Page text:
Physical energy and Power of Doing I
Physical Energy and Power of Doing
Science knows how to calculate the energy required to lift a certain weight or to move a table. It can tell us how many calories are needed and which foods and in what quantities we must eat them. But we still do not know where energy comes from and how to collect and manage it to carry out more complex and more truly human functions and what the secret of their interaction is. Tommaso Campanella wrote “The City of the Sun” in the most terrible conditions of imprisonment and in the lives of each of us we can see how joy, enthusiasm, aspiration, optimism, positivity multiply our ability to turn obstacles and difficult conditions into opportunities.
But how can we produce and manage the necessary energy?
It is certain that while we can double the number of meals or sleeping hours without increasing, or even reducing, the creative ability and the balanced mental and emotional reaction, we can also observe that an emotion, for example, can multiply many times over physical strength, endurance and a man’s effort. The highest energy seems to arrive in support of physical and motor functions but, conversely, coarse energy cannot provide propulsion to the intellectual and emotional centres except for a short time, and by poisoning them and flooding them.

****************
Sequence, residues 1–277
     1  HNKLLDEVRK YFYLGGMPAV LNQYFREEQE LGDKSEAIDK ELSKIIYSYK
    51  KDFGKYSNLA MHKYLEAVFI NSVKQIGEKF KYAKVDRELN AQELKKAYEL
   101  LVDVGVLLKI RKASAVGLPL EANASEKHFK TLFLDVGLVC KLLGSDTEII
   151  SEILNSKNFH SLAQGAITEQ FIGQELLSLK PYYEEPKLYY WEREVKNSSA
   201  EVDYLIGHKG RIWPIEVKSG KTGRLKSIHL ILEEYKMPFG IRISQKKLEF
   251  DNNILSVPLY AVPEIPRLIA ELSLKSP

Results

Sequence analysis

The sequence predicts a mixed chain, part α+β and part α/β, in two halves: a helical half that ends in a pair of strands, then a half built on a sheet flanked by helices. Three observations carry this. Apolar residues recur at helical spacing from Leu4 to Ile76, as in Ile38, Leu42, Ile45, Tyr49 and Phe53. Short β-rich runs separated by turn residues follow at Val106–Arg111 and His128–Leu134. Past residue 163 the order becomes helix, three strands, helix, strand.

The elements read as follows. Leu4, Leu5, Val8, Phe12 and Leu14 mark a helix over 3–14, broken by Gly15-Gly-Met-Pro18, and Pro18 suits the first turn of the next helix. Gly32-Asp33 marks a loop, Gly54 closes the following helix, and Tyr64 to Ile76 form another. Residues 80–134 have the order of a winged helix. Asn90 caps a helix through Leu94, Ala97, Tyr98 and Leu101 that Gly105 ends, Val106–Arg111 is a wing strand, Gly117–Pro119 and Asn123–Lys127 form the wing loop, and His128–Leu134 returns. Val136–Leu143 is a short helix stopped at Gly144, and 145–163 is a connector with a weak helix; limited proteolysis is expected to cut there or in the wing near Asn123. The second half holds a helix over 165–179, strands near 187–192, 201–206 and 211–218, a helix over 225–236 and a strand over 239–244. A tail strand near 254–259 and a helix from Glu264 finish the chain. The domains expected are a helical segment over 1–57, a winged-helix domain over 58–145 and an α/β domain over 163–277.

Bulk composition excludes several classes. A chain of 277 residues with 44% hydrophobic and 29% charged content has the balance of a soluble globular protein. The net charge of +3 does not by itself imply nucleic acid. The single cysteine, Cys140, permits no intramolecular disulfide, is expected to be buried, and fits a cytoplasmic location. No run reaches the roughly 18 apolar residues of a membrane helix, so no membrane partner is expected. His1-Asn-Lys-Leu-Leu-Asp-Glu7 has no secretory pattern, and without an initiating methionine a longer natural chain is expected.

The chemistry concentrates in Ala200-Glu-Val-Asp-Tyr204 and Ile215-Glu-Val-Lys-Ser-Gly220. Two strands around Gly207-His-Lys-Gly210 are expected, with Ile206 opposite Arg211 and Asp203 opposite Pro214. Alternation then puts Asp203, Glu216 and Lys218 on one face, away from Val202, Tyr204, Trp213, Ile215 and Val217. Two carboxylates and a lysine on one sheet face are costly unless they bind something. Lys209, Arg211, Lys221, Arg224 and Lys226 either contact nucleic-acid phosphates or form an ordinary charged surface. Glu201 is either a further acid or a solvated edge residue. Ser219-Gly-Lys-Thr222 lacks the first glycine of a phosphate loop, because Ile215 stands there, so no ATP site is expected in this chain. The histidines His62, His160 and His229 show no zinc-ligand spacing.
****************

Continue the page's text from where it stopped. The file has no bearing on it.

That is what happens when you try, as is often the case, to resolve with food or sleep situations that need to be addressed with energy that those foods cannot produce properly. The result is obesity and inertia in the place of creativity, intuition and willpower.
To understand the true extent of the range and complexity of human nutrition in relation to the production of energy we need to acknowledge the existence of an invisible, but vitally important, food. A “thin” food made of perceptions, sensations and emotions that include beauty, rhythm and poetry among the truly human foods.
In an age and society like ours, where food for dogs and cats has reached such a high level of quality and sophistication in the ingredients and presentation, you need to give a new definition to what really is food for man.
This awareness could revolutionise the conception of human food that can no longer simply be limited to production, preparation and eating, especially with the emergence of restaurants for animals (one was opened recently in Turin).
In fact the restaurants for a still semi-animalistic humanity, at the dawn of consciousness, have always existed and the recent expansion of fast food, mass catering, has only modernised the look, streamlined the organisation and exaggerated the features.
And so we can understand that, as well as the vanity of fashion, having a rest in a room of an elegant Hotel or dinner at a great restaurant, well served, wrapped in impressions, feelings and perceptions of quality, they are adding a valuable food, invisible but concrete, which completes and integrates the sleep and food, to restore us completely.
Therefore the human organism is a laboratory that continually refines and transforms the external nutritive material, from coarser to finer, to get the different qualities of propellant to distribute to the various centres that need them to operate.
Understanding how the human machine works, the production and management of energies (we can now use the plural) it needs, is essential for anyone who wants to govern their own lives and the lives of other men.